## Resolution for Propositional Logic

Created on March 6, 2013, 1:45 a.m. by Hevok & updated by Hevok on May 2, 2013, 5:35 p.m.

The basic steps of Resolution in Propositional Logic is based on finding a Contradiction of the negated form of the Knowledge base.

Considering one has two Clauses conjunctive connected so one has a Clausal Form. So both of these Clauses contain the Variable p, one has p and the other has not p, so the negated form. If this Clausal Form is True, then of course one of both either p or not p must be wrong. Therefore, when one removes p and not p from these two Clauses then it must still be true, otherwise it wouldn't be true with the two.

So the basic step is that if one has in an Clause a Literal and in the other its Negation, the it holds that one can remove this Literal from the Clause because it holds if one removes it, the clause that results from its removal also must be True.

On the other hand if one says that the Clause without the Literal p, is a Contradiction, then of course also the clause with p and not p must also be a Contradiction.

• if (p1 ∨ ... ∨ pk ∨ `p` ∨ ¬q1 ∨ ... ∨ ¬ ql) ∧ (r1 ∨ ... ∨ rm ∨ `¬p` ¬s1 ∨ ... ∨ ¬sn) is true, then:

• One of both `p`, `¬p` has to be wrong
• Therefore: One of the other Literals must be true, i.e.

p1 ∨ ... ∨ pk ∨ ¬q1 ∨ ... ∨ ¬ ql ∨ (r1 ∨ ... ∨ rm ∨ ¬s1 ∨ ... ∨ ¬sn

must be true.

• Therefore:

if p1 ∨ ... ∨ pk ∨ ¬q1 ∨ ... ∨ ¬ ql ∨ (r1 ∨ ... ∨ rm ∨ ¬s1 ∨ ... ∨ ¬sn is a

(p1 ∨ ... ∨ pk ∨ `p` ∨ ¬q1 ∨ ... ∨ ¬ ql) ∧ (r1 ∨ ... ∨ rm ∨ `¬p` ¬s1 ∨ ... ∨ ¬sn)

If Clause K1 and Clause K2 are transformed during a Resolution step to a Clause K3.

So having a Knowledge Base or Theory that contains Clause K1 and Clause K2, one can entail from them Clause K3, where K3 does not contain Variable p which is i both of the Clauses on the one hand not negated and on the other hand negated. So the two Clauses K1 and K2 can be transformed into a new Clause K3.

Then one procedure with all the Clauses by removing the same Literals that are in one Clause negated and in the other not negated. One will come to an end where Clauses are resolved that consists of an Atom and its negated Atom. Then one will receive the empty Clause. With this one has shown that there is an Contradiction.

• Resolution stop {K1, K2} ⊨ K3
• Two Clauses `K1``` and`K2`are transformed into a new one`K3``
• End of the resolution procedure:
• if Clauses are resolved that consist only of an atom and the negated atom, then a new "empty clause" `⊥` can be resolved.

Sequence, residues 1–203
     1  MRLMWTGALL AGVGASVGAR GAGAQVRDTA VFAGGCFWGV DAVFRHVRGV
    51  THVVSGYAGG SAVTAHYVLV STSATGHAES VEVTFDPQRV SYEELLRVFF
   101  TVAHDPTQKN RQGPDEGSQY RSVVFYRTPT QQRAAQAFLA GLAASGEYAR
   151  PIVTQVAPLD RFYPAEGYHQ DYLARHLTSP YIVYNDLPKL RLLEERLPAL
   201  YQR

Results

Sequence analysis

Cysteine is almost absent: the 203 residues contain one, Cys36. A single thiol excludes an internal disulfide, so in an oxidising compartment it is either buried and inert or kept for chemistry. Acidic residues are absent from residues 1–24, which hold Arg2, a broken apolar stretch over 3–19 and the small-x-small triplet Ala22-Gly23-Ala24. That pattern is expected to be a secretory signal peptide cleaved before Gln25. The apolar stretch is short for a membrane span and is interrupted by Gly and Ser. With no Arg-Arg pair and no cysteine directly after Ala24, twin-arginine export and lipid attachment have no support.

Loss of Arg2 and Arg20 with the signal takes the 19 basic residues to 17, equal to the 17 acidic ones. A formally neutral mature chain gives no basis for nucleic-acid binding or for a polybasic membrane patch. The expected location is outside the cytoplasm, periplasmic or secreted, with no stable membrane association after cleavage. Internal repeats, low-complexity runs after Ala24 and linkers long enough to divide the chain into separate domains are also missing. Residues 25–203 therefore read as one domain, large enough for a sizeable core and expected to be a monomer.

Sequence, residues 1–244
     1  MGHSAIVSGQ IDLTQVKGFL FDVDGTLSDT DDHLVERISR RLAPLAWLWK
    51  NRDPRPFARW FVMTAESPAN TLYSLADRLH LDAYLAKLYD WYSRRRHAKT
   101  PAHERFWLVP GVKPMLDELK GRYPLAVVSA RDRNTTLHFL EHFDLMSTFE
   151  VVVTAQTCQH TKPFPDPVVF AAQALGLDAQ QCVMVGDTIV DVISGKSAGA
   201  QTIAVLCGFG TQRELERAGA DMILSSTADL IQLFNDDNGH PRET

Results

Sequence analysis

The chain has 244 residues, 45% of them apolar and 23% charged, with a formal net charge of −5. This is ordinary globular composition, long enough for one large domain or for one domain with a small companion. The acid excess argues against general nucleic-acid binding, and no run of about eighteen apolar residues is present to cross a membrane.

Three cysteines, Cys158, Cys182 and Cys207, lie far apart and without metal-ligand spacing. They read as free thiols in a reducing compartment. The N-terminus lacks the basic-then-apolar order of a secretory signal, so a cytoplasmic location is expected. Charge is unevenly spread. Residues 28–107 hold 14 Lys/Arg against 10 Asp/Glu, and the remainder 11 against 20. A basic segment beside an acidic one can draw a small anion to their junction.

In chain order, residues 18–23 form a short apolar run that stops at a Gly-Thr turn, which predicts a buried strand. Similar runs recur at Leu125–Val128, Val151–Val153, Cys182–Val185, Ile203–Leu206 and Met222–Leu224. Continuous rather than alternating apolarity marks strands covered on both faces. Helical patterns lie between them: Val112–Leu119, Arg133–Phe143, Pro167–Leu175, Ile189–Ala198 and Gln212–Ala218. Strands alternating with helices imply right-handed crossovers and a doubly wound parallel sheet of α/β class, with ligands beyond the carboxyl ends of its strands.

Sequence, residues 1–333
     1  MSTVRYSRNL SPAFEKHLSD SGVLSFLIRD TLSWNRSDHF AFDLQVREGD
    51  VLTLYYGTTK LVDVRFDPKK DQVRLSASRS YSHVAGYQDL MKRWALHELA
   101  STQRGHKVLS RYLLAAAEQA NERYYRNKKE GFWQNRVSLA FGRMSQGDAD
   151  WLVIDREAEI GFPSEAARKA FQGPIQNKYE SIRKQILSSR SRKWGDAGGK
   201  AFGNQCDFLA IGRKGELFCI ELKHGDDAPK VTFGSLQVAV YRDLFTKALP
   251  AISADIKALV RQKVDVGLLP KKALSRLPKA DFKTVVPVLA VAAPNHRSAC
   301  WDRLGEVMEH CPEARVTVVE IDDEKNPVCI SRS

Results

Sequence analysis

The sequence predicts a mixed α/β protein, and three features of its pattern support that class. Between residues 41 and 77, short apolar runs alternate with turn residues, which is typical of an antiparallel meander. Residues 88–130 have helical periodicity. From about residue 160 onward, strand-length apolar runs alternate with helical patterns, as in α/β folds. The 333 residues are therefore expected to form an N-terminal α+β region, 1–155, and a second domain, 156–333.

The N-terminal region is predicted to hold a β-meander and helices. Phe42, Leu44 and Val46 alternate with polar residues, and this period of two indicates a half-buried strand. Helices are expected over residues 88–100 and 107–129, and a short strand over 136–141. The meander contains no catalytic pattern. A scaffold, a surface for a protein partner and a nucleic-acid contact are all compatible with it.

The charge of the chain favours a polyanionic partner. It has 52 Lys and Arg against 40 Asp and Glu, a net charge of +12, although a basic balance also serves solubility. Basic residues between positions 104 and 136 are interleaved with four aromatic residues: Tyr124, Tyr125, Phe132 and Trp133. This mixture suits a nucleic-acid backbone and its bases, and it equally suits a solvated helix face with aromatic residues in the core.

In general a Contradiction is deduced from a set of Clauses is done in the following way. Considering we have a set M of Clauses what we do then is to select two Clauses from M and try to create a new Clause via a Resolution Step. If the new Clause is then already the empty Clause, then a Contradiction has been found and if not the new Clause is added to the Set and one continuous with Step one and select another two Clauses. This procedure is for Propositional Logic correct and also complete.

• How to deduce a Contradiction from a set M of clauses:

1. Select two Clauses from M and create a new Clause K via a Resolution step.
2. If `K = ⊥`, then a contradiction as been found.
3. If `K ≠ ⊥`, K is added to the set M, continue with step 1.
• The Resolution Calculus (for Propositional Logic) is correct and complete

I order to proof that a Formula ψ is a logical Consequence of a Knowledge Base or Theory Φ of Clauses (so that Φ can be entailed by ψ) on computes the Negation of the Implication that Φ implies ψ, which is a Contradiction. So one has not Φ implies ψ which is equivalent to Φ and not ψ. Next one determines the Clausal Form of this Formula, then we simply select two clauses from this Formula and try to create a new Clause with a Resolution Step. if the newly created Clause is the empty Clause, then a Contradiction has been found and we are done because then it holds that the original Formula really holds or is true, so Φ entails ψ. On the other hand, if the formula that is the result of the Resolution step is not the empty Clause, then we add this formula to our Knowledge Base/Theory and one continuous with step 3.

With the help of Resolution on wants to identify a Contradiction.

• How to proof that a Formula ψ is a logical Consequence of a Knowledge Base (Theory) Φ of Clauses, i.e. Φ ⊨ ψ?

• Compute the negation of Φ → ψ, which is a contradiction: ¬(Φ → ψ) ≣ Φ ∧ ¬ ψ

• Determine the Clausal form of Φ ∧ ¬ ψ
• Select two Clauses from Φ ∧ ¬ ψ and create a new Clause K via a Resolution step.
• If `K = ⊥`, then a Contradiction has been found.

It holds that Φ ⊨ ψ, q.e.d.

• If `K ≠ ⊥`, K is added to the set Φ ∧¬ ψ,

continue with step 3.

• example

• Knowledge Base Φ
• If it rains, Jane brings her umbrella r -> u
• If Jane has an umbrella, she doesn't get wet u -> ¬w
• If it doesn't rain, Jane doesn't get wet ¬r -> ¬w
• Formula ψ

• Now, prove that Jane doesn't get wet ¬w
• Transform Knowledge Base into Clausal Form

• r -> u = ¬r ∨ u = {¬r,u}
• u -> ¬w = ¬u ∨ ¬w = {¬u,¬w}
• ¬r -> ¬w = r ∨ ¬w = {r,¬w}
• Add negated formula to Knowledge Base
• ¬¬w = w
• New Knowledge Base Φ∧¬ψ
1. {¬r,u}
2. {¬u,w}
3. {r,¬w}
4. {w}
• Start Resolution

``````   (3,4) {r,¬w}
{w}
____
5.    {r}

(2,4) {¬u,¬w}
{w}
____
6.    {¬u}

(1,5) {¬r,u}
{r}
____
7.    {u}

(6,7) {¬u}
{u}
____
{⊥}
``````
• We have found a Contradiction in Φ∧¬ψ,

therefore it holds that Φ ⊨ ψ, q.e.d. Tags: knowledge, logic, correctness, contradiction, proof
Categories: Concept
Parent: Resolution

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